The Tata Nano, a city car both man­u­fac­tured and sold in India, retails for $2,500, making it one of the world’s most afford­able four-​​wheeled pas­senger vehicles.

The inex­pen­sive car, said Ravi Rama­murti, a Dis­tin­guished Pro­fessor of Inter­na­tional Busi­ness and Strategy at North­eastern Uni­ver­sity, is but one example of a bur­geoning phe­nom­enon called reverse innovation.

The term, coined in 2009, refers to the process by which com­pa­nies in emerging mar­kets pro­duce inex­pen­sive goods and ser­vices to meet the needs of the poor and then repackage them as cost-​​effective inno­va­tions for Western buyers.

We are at the cusp of some­thing inter­esting,” Rama­murti explained. “The key con­tri­bu­tion of poor coun­tries will be to make existing prod­ucts and ser­vices incred­ibly inex­pen­sive and easy to use.”

Rama­murti, the director of Northeastern’s Center for Emerging Mar­kets, pub­lished a paper in 2011 in the Global Strategy Journal in which he out­lined the phenomenon’s poten­tial to reshape the globe’s inno­va­tion landscape.

The paper, coau­thored by Vijay Govin­darajan of the Tuck School of Busi­ness at Dart­mouth Col­lege, was selected by Germany’s Euro­pean Busi­ness School as one of three final­ists for the prize for best article on inno­va­tion man­age­ment pub­lished last year.

Rama­murti pre­sented the paper in June to a panel of judges com­prising prac­ti­tioners and aca­d­e­mics, and took the top prize, besting arti­cles penned by pro­fes­sors at uni­ver­si­ties including MIT and Stanford.

We are using the term ‘inno­va­tion’ in a broad sense,” Rama­murti explained. “It is not tech­no­log­ical inno­va­tion, like cre­ating a new drug, but rather com­bining existing knowl­edge and tech­nology in novel ways to solve the pressing prob­lems of con­sumers in poor countries.”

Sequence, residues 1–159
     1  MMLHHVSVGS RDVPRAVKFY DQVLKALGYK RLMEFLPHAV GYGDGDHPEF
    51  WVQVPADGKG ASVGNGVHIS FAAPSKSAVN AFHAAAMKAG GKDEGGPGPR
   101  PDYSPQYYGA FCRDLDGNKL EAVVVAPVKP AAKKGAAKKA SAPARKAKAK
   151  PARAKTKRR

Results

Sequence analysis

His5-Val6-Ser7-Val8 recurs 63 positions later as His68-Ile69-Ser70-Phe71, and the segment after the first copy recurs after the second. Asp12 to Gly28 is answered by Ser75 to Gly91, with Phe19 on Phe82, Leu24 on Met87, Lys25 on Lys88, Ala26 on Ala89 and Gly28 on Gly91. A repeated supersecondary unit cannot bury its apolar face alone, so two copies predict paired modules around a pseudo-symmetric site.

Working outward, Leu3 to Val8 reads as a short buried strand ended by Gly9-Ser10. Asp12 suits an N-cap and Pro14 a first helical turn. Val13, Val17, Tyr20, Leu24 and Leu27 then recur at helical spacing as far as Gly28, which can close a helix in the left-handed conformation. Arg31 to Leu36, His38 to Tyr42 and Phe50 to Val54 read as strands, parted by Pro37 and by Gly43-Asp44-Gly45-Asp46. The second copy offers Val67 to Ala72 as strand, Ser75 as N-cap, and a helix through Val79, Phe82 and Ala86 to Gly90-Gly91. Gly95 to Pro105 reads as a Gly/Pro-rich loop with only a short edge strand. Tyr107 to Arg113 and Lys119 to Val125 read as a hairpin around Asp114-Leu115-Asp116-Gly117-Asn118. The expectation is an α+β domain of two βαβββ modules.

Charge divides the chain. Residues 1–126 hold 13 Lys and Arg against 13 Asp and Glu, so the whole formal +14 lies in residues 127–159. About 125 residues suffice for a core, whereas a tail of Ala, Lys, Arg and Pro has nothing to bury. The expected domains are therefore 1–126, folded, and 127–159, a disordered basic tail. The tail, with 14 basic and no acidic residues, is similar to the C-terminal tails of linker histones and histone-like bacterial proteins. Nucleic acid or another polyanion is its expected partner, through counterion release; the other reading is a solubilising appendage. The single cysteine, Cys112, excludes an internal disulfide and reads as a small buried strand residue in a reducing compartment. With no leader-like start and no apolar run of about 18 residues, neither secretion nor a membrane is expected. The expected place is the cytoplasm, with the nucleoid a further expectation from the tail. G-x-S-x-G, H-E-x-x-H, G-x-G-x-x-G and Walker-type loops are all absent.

The cur­rent eco­nomic cli­mate is con­ducive for reverse inno­va­tion to flourish, he said, noting that devel­oping coun­tries such as India, China, and Brazil now account for two-​​thirds of world gross domestic product growth.

Local firms in poor coun­tries may, para­dox­i­cally, have an inno­va­tion edge over multi­na­tionals from devel­oped nations, Rama­murti added, pointing to the example of Kenya’s Safaricom, a pio­neer in the wire­less banking industry.

Some­times it’s good to be a late­comer, because you can simply leapfrog to using the latest tech­nolo­gies,” he explained. “It’s hard to go wire­less if you have mas­sive invest­ments in legacy technologies.”

By 2013, many of these inno­va­tions will “trickle-​​up” from poor to rich coun­tries, where flag­ging economies, Rama­murti said, have cre­ated a need for inex­pen­sive, easy-​​to-​​use goods.

A portable, low-​​cost ultra­sound machine, for example, designed by China’s Min­dray Med­ical Inter­na­tional Lim­ited, may soon be spotted in doctor’s offices across the United States.

You would be able to put them in ambu­lances and doctor’s offices at a rate that wouldn’t be pos­sible if the machine cost $150,000,” Rama­murti said. “It is an example of how a new func­tion­ality com­bined with a lower price can open up new demand in rich countries.”